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Where does my health insurance premium really go?

By James LaCorte | April 14, 2014 | Healthy Lifestyle, Insurance Education

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Health insurance customers often ask a simple question about the premium they pay every month:

Where does my premium dollar go?

They’re usually not asking for a quick tutorial on how insurance works: Most people understand that everyone pays into a pool, and only those who need medical care take money out in the form of health care claims.

What many of these folks really are asking is how much of that money actually pays for health care and how much goes toward running an insurance company — or toward profits.

Fair question.

Blue Cross and Blue Shield of North Carolina (BCBSNC) paid $5 billion in claims in 2013. Recently we announced that we spent more than 87 cents of every premium dollar paying for our customers’ health care – doctor visits, surgery, tests, medicine, eyeglasses, etc.

Our non-medical spending largely goes toward customer service and technology. We are also a full-taxed company. In 2013, we paid out more than $100 million in local, state and federal taxes. In 2014, we paid out more than $266 million in local, state and federal taxes.

The medical loss ratio requirement (MLR), created by the Affordable Care Act in 2010, is aimed at preventing insurance companies from spending excessively on administration (including salaries) and other routine business costs. It requires insurance companies to use 80 cents out of every premium dollar from individual and small group customers to pay customer claims and support activities that improve the quality of care. (The requirement is 85 cents for large group customers.) BCBSNC has exceeded that standard for years, even before it was the law.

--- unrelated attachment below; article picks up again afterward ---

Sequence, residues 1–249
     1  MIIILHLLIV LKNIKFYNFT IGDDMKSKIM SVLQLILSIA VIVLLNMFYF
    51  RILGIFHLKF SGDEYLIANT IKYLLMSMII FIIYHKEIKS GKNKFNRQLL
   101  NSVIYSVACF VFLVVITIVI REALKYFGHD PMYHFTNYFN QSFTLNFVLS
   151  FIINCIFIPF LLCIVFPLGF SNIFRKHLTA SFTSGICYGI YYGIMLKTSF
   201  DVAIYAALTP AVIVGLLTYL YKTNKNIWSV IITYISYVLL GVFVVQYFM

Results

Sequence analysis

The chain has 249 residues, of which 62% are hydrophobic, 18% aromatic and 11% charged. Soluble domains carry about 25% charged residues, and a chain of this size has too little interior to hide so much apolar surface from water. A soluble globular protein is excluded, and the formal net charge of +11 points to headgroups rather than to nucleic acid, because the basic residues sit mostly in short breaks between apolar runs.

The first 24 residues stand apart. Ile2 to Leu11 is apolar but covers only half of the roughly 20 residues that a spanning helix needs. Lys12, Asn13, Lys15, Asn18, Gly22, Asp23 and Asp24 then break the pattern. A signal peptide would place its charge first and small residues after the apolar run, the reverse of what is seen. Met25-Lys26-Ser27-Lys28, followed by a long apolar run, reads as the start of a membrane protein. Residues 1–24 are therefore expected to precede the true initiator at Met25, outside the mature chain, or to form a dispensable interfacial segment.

In 2014, BCBSNC paid $365 million more toward health care expenses than was required by the federal government. This was the fourth consecutive year that the company MLRs exceeded the requirements at 88.3 percent for individual, 87 percent for small groups, 91.3 percent for large groups and 90 percent for student groups.

The MLR requirement means that health insurers can’t just increase rates as a way to increase profits. If our spending on medical care falls below those minimum percentages, then we are required to refund the extra money to our customers. Some of our competitors have been forced to do that.

We know it’s frustrating to pay a lot for health insurance

We also know we must to do our part to rein in our own expenses. Believe me, we don’t like selling a product that can be difficult to afford. We think the best way to work toward more affordable health insurance is to keep our focus on where the majority of the money goes – health care expenses. That’s why we work every day to build new initiatives and collaborations designed to tackle the problem of rising health care costs.


Gerald Petkau

Chief Financial Officer, BCBSNC

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